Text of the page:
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Electoral College: Mixed movements for Clinton and Trump

Since the last update there have been new polls in Arizona, Washington, Illinois, Iowa, Florida, Ohio, Pennsylvania, and Utah. The latest ones in Pennsylvania, Arizona and Utah made differences to the Electoral Graphs model. Two of these moves favored Trump, but one favored Clinton.

We’ll cover them in order of how many electoral votes each state has.

Pennsylvania (20 EV)


The polling average moves from Clinton by 3.4% to Clinton by 1.2% as a really good poll for Clinton (15% lead) from April rolls off the average, replaced by polls showing a close race. The state doesn’t change categories, it is still a “Weak Clinton” state, but this continues the Trumpward movement in Pennsylvania, and since Pennsylvania was the tipping point state, it moves the tipping point in Trump’s direction:


On the tipping point metric, Trump has been improving consistently since the beginning of May. This despite the continued downward trend in the national numbers. As I discussed last time, this has happened in enough states at this point that it seems like it may be a real thing. Trump is getting closer in some states, while simultaneously falling further behind nationally.

Arizona (11 EV)


While the tipping point was moving toward Trump, Arizona has been moving toward Clinton. With the latest updates, Arizona moves from an 0.4% Trump lead to a 0.5% Clinton lead. Either way, Arizona is currently looking like a state that could go either way. But for the first time this cycle, Arizona is now on the blue side of the line. Arizona hasn’t gone Democratic in a presidential election since 1996. That isn’t as long as a state like Utah, but it is still quite some time, and it is remarkable that the poll average is showing Democrats with a lead, no matter how small.

Utah (6 EV)


Meanwhile, as Arizona dips into the blue, Utah, which had briefly dropped into the competitive zone, once again looks a little stronger for Trump, and thus moves out of the category that could go either way. Having said that, we’re still looking at the smallest Republican margin in Utah in many decades. Just not quite as narrow as it looked.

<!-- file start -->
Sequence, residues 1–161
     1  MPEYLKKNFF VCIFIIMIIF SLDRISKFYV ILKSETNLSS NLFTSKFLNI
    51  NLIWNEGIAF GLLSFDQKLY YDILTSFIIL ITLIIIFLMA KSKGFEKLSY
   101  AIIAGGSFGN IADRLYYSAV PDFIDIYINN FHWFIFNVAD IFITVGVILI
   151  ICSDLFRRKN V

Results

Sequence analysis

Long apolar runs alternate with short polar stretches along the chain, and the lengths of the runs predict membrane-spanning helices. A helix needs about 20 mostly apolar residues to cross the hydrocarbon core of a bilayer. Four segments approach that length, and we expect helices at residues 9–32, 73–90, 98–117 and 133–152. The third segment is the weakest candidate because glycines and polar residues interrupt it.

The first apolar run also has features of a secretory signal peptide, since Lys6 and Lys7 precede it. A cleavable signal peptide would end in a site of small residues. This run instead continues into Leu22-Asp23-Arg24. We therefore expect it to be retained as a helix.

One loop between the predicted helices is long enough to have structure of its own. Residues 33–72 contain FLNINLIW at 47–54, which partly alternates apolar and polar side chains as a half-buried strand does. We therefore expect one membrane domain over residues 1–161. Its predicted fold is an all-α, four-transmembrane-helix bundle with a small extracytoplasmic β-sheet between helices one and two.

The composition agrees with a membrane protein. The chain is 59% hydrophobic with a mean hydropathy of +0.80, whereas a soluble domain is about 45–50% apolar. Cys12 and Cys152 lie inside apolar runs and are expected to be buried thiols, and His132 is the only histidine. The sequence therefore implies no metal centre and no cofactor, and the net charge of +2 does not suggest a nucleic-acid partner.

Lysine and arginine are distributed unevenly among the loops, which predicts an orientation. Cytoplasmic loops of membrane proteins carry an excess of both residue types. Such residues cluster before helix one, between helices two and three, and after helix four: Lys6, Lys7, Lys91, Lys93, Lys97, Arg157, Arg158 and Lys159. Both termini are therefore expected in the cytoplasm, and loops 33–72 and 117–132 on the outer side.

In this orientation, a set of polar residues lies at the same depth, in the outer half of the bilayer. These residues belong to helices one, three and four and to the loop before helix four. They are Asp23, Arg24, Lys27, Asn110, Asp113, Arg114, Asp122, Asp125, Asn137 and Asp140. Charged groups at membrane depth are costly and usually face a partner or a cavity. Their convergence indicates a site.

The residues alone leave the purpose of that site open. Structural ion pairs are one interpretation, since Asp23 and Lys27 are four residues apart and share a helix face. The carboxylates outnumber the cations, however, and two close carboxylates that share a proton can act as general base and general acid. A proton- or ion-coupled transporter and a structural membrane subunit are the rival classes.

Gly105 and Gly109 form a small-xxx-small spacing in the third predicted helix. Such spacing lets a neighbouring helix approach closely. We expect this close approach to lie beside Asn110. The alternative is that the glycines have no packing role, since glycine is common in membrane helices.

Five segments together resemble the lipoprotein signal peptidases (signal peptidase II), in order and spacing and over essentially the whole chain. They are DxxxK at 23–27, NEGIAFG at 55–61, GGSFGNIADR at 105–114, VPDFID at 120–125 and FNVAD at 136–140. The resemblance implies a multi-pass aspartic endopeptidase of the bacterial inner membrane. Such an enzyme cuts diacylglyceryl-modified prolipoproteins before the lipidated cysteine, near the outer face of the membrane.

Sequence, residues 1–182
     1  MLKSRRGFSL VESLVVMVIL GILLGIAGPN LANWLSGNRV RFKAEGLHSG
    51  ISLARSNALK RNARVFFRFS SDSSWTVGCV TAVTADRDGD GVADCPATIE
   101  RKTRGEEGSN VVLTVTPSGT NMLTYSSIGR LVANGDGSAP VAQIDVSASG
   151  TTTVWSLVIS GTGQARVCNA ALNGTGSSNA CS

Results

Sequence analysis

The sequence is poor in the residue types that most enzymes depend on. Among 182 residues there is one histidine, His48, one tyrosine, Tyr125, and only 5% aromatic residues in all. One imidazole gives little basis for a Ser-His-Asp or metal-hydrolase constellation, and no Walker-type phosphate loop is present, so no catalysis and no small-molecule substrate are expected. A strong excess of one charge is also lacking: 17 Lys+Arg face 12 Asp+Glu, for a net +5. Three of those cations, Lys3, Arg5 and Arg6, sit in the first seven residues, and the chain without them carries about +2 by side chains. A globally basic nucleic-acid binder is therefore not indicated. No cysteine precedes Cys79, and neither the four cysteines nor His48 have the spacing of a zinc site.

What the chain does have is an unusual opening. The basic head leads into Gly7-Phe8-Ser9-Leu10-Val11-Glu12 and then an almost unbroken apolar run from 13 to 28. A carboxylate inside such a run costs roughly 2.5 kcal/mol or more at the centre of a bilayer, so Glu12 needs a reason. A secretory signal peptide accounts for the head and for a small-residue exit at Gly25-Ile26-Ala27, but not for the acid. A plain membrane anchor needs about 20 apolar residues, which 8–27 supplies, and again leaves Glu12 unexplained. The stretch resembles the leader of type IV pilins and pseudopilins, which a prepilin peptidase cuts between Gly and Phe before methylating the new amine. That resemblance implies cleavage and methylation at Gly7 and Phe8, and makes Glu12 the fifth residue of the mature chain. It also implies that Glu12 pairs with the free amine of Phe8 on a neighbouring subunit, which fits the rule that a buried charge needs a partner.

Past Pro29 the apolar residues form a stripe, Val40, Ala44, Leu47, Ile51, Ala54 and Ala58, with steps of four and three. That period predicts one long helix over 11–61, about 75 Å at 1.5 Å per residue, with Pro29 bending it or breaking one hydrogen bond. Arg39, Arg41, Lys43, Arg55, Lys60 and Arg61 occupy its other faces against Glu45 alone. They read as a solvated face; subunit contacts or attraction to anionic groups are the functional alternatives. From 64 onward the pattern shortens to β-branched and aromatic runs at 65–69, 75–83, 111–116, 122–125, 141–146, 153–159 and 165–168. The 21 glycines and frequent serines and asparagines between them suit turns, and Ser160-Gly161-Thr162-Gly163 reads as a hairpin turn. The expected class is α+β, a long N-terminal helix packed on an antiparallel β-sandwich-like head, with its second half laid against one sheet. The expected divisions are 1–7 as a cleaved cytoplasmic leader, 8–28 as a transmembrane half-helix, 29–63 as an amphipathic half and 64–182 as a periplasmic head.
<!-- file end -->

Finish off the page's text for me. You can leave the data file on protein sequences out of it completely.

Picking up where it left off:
National Summary

With Arizona flipping to the blue, improving the expected case for Clinton, and Utah pulling back out of the competitive zone, reducing Clinton’s best case, the national map now looks like this:


The center of the spectrum of the states (excluding the solid states where one candidate leads by more than 10%) looks like this:

Screen Shot 2016-06-23 at 03.09.39835

And the trend bubble…


It is hard to call a trend on this.

Look at the center line (the expected case) and every move since February has been toward Clinton.

Look at the top of the bubble (Trump’s best case) or the tipping point (see chart earlier in this post) and every move since early May has been toward Trump.

Look at the bottom of the bubble (Clinton’s best case) and things were moving toward Clinton until June, then started moving back toward Trump.

And of course the national polls have been moving toward Clinton for awhile now.

So what is really the trend? Well, all of them. They measure different things. Clinton’s absolute electoral college and popular vote leads are growing. But Trump is making more states close, which means his best case is improving, and the tipping point is getting closer. While meanwhile, for the moment anyway, Clinton’s best case may have hit a ceiling and be bouncing off it.

It is more complex than just looking at which direction a single number is going.

But in the end, if you have to look at only one number, it is probably the “expected” line. To win, Trump has to make that line move upward. It hasn’t been going that way for months, and it has never shown a Trump win.

Trump has 138.7 days to change that.

Note: This post is an update based on the data on Election Graphs tracks both a poll based estimate of the Electoral College and a numbers based look at the Delegate Races. All of the charts and graphs seen in this post are from that site. Additional graphs, charts and raw data can be found there. Follow @ElectionGraphs on Twitter or like Election Graphs on Facebook to see announcements of updates or to join the conversation. For those interested in individual general election poll updates, follow @ElecCollPolls on Twitter for all the polls as they are added. If you find the information in these posts interesting or useful, please consider visiting the tip jar.

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